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Why Dan Hannan never went native…

The indefatigable Madsen Pirie has written an interesting article about Dan Hannan, describing how his background influences helped him avoid that oh so typical fate of many an idealistic soul: going native when joining an institution which generally opposes your underpinning views, in this case getting co-opted by the European Parliament.

16 comments to Why Dan Hannan never went native…

  • JadedLibertarian

    This is the guy who said because the vote was “close” (52% on the largest turnout in history isn’t close BTW) we should be going for a soft (aka Brexit in name only) Brexit.

    He bloody well has gone native.

  • Thailover

    Even when he was making some of his most famous speeches in the UN, he was a supporter of Obama.

  • “He bloody well has gone native.” You beat me to the exact same words 🙂

  • Mr Ed

    Dr Pirie has often struck me as seeing himself on the inside of the tent pissing out, but enjoying splashing the more evil denizens of the political tent as the ‘rebel’ within, without realising that he is ignored by the evil political class, and isn’t even despised by them. This piece does nothing to change my ill-informed speculation.

    As for Mr Hannan, the phrase ‘All hat and no cattle‘ springs to mind. I try to expunge the impression that his position is driven by contrariness rather than vital principle, and he seems to let me down now and then.

  • without realising that he is ignored by the evil political class

    Not really, Madsen is actually listened to by more people within the Westminster bubble than you think because he is so bloody charming 😆

  • The Fyrdman

    I always had the impression that Dan dealt in realities rather than fantasy, so set his target lower than “hard Brexit”. I can’t recall any of his videos or speeches where he advocates much beyond a lighter touch Norway option.

    In terms of Obama, I think he withdrew his support in hindsight. People make mistakes.

    A lot of the anti-Hannan stuff I see coming from Brexiteers these days seems like a parody of left wing purists accusing each other of being splitters and Trots. Dan is one of the best defenders of free speech and liberty that we have within actual politics rather than just writers of various forms. I would take a gov with Hannah leading it over any of the current lot of serious options by a long, long margin.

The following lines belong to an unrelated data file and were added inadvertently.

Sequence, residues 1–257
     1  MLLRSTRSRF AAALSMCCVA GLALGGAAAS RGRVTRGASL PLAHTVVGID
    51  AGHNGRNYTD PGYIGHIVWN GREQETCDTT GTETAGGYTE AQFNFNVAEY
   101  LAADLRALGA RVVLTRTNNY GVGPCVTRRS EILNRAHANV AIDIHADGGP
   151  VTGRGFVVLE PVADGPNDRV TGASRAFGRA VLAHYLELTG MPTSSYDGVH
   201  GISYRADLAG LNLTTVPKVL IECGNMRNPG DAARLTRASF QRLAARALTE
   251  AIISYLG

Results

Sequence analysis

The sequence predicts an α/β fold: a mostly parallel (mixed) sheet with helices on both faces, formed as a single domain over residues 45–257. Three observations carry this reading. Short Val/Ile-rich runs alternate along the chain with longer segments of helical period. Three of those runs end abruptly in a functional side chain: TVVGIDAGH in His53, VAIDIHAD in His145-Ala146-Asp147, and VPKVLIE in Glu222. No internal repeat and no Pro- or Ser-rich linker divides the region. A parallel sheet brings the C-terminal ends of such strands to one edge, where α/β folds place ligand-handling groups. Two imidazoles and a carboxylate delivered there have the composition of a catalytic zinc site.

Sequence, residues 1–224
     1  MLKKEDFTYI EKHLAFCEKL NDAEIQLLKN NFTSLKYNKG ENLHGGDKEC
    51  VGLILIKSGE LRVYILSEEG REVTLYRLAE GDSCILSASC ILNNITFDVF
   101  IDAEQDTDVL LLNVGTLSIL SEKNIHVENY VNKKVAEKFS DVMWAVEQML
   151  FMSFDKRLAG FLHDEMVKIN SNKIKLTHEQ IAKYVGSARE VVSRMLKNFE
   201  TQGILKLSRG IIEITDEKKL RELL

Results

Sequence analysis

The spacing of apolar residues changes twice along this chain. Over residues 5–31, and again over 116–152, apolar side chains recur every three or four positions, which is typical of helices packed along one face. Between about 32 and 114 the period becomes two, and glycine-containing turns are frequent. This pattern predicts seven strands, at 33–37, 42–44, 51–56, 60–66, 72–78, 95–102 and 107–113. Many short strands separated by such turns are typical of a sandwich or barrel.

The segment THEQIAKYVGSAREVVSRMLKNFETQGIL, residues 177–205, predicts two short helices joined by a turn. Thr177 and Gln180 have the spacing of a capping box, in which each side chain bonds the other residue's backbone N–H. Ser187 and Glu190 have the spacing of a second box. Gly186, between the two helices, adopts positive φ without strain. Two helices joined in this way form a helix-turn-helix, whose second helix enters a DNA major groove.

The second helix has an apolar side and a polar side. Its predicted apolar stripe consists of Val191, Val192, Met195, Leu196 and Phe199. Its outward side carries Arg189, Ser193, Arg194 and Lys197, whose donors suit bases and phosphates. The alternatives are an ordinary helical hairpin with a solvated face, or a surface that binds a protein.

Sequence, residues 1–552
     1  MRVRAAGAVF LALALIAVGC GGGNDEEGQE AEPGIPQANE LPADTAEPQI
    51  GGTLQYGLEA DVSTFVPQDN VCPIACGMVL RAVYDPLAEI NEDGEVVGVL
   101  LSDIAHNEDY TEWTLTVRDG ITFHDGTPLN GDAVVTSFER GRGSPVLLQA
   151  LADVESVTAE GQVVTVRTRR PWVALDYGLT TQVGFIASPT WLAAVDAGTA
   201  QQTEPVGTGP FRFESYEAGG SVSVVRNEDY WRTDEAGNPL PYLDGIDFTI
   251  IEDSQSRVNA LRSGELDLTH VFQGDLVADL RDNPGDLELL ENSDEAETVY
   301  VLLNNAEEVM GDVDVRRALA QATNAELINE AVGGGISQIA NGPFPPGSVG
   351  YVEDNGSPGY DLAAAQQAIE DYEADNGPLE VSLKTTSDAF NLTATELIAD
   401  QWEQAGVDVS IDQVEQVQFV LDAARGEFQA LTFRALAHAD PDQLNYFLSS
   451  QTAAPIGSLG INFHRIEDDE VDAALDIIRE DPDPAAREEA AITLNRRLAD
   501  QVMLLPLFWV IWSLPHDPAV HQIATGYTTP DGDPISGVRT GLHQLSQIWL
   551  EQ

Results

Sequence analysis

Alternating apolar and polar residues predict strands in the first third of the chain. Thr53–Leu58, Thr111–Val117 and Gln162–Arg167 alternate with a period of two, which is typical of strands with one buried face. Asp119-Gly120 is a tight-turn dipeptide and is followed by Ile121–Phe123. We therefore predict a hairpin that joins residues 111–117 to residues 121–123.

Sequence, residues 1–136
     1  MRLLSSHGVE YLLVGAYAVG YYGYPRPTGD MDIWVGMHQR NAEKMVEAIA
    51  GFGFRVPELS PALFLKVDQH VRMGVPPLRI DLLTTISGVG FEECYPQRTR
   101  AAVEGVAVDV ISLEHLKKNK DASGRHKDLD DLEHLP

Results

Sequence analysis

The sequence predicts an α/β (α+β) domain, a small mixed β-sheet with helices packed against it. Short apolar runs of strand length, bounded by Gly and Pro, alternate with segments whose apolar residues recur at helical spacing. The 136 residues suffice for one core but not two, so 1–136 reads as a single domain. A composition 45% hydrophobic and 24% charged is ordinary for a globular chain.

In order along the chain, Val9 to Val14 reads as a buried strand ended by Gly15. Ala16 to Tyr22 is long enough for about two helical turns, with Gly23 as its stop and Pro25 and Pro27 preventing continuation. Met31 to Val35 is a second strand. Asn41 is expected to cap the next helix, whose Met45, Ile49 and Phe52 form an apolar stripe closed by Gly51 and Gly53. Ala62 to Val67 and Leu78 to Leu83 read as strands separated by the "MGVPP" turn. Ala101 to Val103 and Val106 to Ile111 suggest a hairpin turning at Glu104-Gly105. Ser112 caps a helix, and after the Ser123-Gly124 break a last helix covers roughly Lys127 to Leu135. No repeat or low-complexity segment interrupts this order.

• JadedLibertarian

    The problem with a soft exit from the EU is this: our politicians are in love with the idea of a massive, all powerful regulatory state and are trying to build post-brexit Britain into one. However the EU is the archetypal all powerful, regulatory state, so any imitation May/Hammond/Robbins can build will be a poor, bastardised version at best.

    Now is the time to jump in with both feet. We can make Britain a success if we take exiting the EU as a cue to abandon the values of the EU as well. Otherwise this will be a disaster.

    I’ve lost a lot of respect for Hannan. We, miraculously, achieved a practicable breach in the city walls of authoritarian statism. Victory was ours for the taking, but for the traitors who called for total surrender at the moment of triumph. And then you have Mr. Reasonable Hannan pointing to the traitors and saying “maybe they have a point, let’s hang back guys”. Ministrations like his have robbed us of much needed momentum.

  • bobby b

    “Dan is one of the best defenders of free speech and liberty that we have within actual politics rather than just writers of various forms.”

    Amen. The man would have been right at home with the authors of our Federalist Papers. He’s one of the few who can drag me out to our east coast so I can hear him speak.

    With a bare 52-48 majority and a seemingly ever-changing sentiment since then, perhaps Hannan is simply practicing the art of the possible. To an ignorant outside observer, hard Brexit looks to be the enemy of Brexit at all.

  • terence patrick hewett

    As an engineer I am always suspicious of people who say that it can’t be done or it is too difficult: it is usually laziness or stupidity or enervation or old fashioned corruption. Solving difficult problems is why we went into the sciences in the first place and regard this attitude with contempt.

    It is their smallness of vision, their narrowness of intellect, the simple lack of courage and curiosity that is shameful.

  • The Fyrdman

    I absolutely sympathise with the desire for the deepest break possible with the EU, but Dan had a vision that would have had a wide enough appeal to be achieved. We are currently on course for something much worse. I would take a good compromise, which would form a clean basis for further change, than screwing around for years failing to satisfy both sides before just falling into whatever it is we are heading for now.

    Society is not to be engineered, and I am always suspicious of those who think it should be. You create your vision of a beautiful perfect design without accounting for the severe imperfection of your tools and materials. It takes authoritarian bastards to try, and fail, to knock the tools into shape.

  • JadedLibertarian